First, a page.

Plot: What’s it about?
PokΘmon… pop culture phenomenon or fad of the year? You be the judge. Yet after the various games sold millions, merchandise took off and the TV show became number one, it doesn’t take a genius to distribute the movie (which did big numbers in Japan) in the U.S. So Warner Bros., who also has exclusive rights to air the show on their “Kids WB” network, brought the first feature film over here.
PokΘmon: The First Movie has two parts to it. The first part is a “mini-movie”, which lasts around twenty minutes, entitled “Pikachu’s Vacation”. The short film follows everyone’s favorite PokΘmon, Pikachu, as he and his PokΘmon friends have a nice trip in a theme park dedicated to PokΘmon. There, they get into contests and trouble with a rival PokΘmon gang. Yet soon the two rival PokΘmon clans must pust aside their differences join together to save a PokΘmon in very big danger. I have to say, I was cracking up through this whole segment. Not because it was funny, because it was just plain stupid. Unless you are in the target age group, you are not going to find this very enjoyable at all. There is a narrator who says a sentence now and then, but the rest of this is all PokΘmon noises. Unless you have to, and you are not under seven, try to avoid watching this. It’ll kill some of your brain cells.
The real feature, which lasts around an hour and fifteen minutes, is entitled “Mewtwo Strikes Back”. This feature, is also laughable. Mewtwo is a genetically engineered PokΘmon, who is trained and than betrayed by the man who funded the project for him to be created. Torn with anger and questions, Mewtwo sets up a fake PokΘmon tournament to show off his power and fight PokΘmon. The heroes of our story, right from the TV show, Ash, Brock, Misty and all their PokΘmon go to the tournament, where due to a storm very few other PokΘmon trainers make it. There, a lot of escapdes happen, which include fights, chases and the usual mindless stuff. Mewtwo then clones all the PokΘmon, for the greatest PokΘmon fight you’ll ever see. And the mysterious PokΘmon Mew vists for the big fight… I apologize for going so into plot detail, and I am sure you can figure out the predictable ending. But what really annoyed me about this movie is that the dialogue used is plain stupid. The film seems like it was adapted by any ten year old. The plot is very standard, but what really, really got to me was the abrupt ending. All of a sudden, something happens to the main villain, and it’s just out of nowhere, and in the end, it all deals with such a cheesy moral, you’ll teeth will rot.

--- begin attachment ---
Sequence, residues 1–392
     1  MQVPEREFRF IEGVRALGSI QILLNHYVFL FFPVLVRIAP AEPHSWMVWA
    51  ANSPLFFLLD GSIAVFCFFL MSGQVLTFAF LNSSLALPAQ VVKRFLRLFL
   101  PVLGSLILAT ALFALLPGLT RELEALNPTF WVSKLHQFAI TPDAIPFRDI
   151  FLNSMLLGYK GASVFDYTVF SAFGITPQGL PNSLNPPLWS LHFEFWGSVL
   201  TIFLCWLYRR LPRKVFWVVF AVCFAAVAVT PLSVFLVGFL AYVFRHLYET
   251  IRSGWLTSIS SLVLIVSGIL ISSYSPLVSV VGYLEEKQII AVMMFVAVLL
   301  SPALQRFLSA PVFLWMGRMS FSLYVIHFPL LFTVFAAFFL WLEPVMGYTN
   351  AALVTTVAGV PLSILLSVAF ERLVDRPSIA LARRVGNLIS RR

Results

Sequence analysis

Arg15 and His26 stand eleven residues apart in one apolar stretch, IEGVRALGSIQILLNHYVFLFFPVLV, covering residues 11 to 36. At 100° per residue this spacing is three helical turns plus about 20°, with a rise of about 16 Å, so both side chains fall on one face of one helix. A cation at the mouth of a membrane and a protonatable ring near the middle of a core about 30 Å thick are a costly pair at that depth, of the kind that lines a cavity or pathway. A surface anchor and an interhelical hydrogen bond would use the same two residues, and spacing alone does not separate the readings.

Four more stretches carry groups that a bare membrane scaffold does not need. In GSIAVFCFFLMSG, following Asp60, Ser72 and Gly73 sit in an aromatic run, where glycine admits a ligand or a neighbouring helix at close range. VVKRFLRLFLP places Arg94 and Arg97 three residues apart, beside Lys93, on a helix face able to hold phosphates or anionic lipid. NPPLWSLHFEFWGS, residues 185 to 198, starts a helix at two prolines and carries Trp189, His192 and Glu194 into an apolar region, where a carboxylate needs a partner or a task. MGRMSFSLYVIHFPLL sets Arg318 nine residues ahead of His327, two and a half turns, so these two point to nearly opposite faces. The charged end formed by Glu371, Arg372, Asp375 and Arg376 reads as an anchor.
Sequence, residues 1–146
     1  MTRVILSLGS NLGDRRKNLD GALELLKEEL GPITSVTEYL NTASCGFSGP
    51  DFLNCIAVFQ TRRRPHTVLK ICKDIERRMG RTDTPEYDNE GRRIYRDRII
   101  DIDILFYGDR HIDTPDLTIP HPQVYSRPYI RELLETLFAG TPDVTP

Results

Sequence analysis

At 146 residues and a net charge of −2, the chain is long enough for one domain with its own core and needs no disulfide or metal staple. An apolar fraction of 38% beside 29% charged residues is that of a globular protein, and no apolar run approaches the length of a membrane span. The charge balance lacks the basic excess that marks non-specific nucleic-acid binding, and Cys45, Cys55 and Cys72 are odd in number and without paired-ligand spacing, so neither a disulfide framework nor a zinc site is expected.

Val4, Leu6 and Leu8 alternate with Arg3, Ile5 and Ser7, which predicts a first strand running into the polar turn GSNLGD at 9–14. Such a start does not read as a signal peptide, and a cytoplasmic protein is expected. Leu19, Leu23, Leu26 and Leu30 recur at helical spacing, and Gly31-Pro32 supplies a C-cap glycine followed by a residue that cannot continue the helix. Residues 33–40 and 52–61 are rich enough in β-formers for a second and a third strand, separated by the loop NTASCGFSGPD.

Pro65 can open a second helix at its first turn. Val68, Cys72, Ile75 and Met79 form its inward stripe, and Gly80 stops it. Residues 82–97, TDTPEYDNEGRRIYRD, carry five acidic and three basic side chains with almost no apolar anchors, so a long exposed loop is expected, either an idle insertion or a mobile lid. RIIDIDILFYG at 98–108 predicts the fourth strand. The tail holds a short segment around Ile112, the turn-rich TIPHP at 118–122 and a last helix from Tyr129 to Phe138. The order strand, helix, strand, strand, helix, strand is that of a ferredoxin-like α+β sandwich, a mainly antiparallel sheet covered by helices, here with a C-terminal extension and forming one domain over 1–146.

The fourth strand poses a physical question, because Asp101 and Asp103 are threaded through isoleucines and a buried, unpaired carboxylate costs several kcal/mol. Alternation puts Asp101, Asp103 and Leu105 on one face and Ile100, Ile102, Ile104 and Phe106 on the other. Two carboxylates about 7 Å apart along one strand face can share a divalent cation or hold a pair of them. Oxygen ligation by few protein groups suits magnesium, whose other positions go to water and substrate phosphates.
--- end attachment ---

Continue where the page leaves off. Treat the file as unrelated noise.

Rest aside the flaws, PokΘmon: The First Movie is a very good film for PokΘmon fans alike and the appropriate age group.
Video: How does it look?
There has been some debate concering this release. Many were upset that the film, was not released in widescreen. “Pikachu’s Vacation” is presented in an open matte, and looks fine. However, “Mewtwo Strikes Back” is in pan and scan, and it’s pretty bothersome. You can really tell when it’s panning and scanning. Then again, most families prefer the 1.33:1 aspect ratio, so I guess that’s why it was released this way. As far as the video goes, not bad! Not bad at all. I did not notice any grain or artifacts, and detail is very nice. However, I have to say the film has a certain VHS like quality to it, it’s hard to describe.
Audio: How does it sound?
PokΘmon: The First Movie uses 5.1 Dolby Digital, and I have to say, it’s very impressive. There are some great sound effects which bring life to this mediocre film, and when Mewtwo “thinks”, there is this very nice effect. Things are clear, and bass is nice. An excellent mix!
Supplements: What are the extras?
Surprsingly, this movie features a good amount of materials, sure to please any PokΘmon fan. “The Story of Mewtwo’s Origin” is a short animated clip telling a little about how Mewtwo was created. Nothing great and it is short, but it’s sure to please the fans. Next, is a marketing fluff piece entitled “Ash’s Journey”, which explains the world of PokΘmon. This is a nice introduction to those confused about the phenomenon. The best feature, however, is a full length commentary with English adaption director Michael Haigney and producer Norman J. Grossfield. There is some silence now and then, but they crack some jokes for a very entertaining commentary. They even point out some secrets you’ll never even notice. Off the top charting soundtrack, there is a music video in full frame of M2M’s “Don’t Say You Love Me”. For DVD-ROM users, you can get some virtual trading cards, essays, guides to the PokΘmon games, the movie’s website and genre essays. To top it off, there are some extensive production notes about PokΘmon, one of the film’s theatrical trailer, and a teaser for “PokΘmon: The Movie 2000” (I can’t wait for that one). Plus you get a collectible trading card for the “PokΘmon Trading Card Game” and an advertising card.
This is the perfect addition to any PokΘfan’s collection. With some nice video, great audio and extensive features, no PokΘmon fan should be disappointed with this release. If you enjoyed the movie, pick it up.